The most significant point that Mims makes has to do with the consequences of native apps. "But underneath all that convenience is something sinister: the end of the very openness that allowed Internet companies to grow into some of the most powerful or important companies of the 21st century," Mims wrote.

Gruber refutes Mims's example about the problems of gatekeeping by noting that Amazon's iPhone app can be used to purchase physical goods without paying Apple's 30% fee for in-app purchases. But that's the refutation of a poorly chosen example. It doesn't address how native app developers are beholden to platform owners, particularly in the iOS ecosystem. It doesn't address Mims's citation of venture capitalist Chris Dixon's argument that Apple's 30% fee presents a challenge to those who would create businesses that rely on app sales or in-app purchases.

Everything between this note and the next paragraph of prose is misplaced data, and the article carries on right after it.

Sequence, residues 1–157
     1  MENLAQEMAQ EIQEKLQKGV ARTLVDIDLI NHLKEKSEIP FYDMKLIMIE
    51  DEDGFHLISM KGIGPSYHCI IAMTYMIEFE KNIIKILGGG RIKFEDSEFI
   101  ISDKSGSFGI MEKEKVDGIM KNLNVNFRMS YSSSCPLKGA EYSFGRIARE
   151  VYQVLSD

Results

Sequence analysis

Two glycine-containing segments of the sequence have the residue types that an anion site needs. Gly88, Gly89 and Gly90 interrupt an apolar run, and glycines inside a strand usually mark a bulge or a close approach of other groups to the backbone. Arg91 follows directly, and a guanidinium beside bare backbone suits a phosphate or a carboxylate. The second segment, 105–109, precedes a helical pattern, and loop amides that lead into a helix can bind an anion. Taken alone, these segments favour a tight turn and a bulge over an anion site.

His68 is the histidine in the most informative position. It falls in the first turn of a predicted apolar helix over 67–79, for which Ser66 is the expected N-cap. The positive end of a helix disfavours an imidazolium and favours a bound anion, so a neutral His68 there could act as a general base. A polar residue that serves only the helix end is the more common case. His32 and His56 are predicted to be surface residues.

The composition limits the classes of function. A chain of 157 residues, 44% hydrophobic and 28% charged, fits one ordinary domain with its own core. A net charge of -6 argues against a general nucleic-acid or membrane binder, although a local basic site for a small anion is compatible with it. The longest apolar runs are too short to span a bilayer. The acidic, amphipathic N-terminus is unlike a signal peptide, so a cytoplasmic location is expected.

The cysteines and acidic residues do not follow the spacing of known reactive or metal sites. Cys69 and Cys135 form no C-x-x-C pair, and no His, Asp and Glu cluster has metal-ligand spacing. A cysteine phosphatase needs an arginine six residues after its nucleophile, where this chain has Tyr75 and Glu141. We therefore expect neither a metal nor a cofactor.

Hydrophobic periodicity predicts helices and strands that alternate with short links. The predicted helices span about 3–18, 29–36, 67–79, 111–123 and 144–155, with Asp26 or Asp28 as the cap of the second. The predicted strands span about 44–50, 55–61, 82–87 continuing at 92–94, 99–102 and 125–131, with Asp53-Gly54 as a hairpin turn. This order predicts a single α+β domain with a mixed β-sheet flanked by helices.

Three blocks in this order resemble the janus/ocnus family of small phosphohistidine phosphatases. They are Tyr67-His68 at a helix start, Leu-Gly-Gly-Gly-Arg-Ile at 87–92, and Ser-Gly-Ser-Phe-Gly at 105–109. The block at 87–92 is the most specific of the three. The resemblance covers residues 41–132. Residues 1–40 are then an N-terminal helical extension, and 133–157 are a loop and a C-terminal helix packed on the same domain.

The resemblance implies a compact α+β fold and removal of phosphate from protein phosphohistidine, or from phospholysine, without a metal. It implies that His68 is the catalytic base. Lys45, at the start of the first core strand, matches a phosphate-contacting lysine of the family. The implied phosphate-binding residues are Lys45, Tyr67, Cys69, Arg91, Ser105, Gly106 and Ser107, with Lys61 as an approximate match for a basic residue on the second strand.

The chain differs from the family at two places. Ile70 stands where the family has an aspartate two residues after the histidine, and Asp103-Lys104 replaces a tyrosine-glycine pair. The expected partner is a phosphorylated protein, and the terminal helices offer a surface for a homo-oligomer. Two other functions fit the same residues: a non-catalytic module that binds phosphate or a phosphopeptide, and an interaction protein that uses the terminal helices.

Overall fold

It's worth asking whether the 30% fee for app sales and for digital goods sales in mobile apps -- set by Apple and adopted by Amazon, Google, and Microsoft for their stores -- hinders innovation. It's worth asking whether it's a reasonable and fair fee, particularly when Google's Chrome Web Store gets by with a 5% transaction fee. If revenue potential drives innovation, think how much more innovation we'd see if the Apple tax were lowered to 5%.

Native apps, as Gruber says, "are superior clients to open Internet services." That's true from a development point of view: Native app development is easier than mobile web app development. And it's true from a usability view: Native apps tend to have better touch-optimized interfaces. But it's not necessarily true in terms of the user's ability to control the app.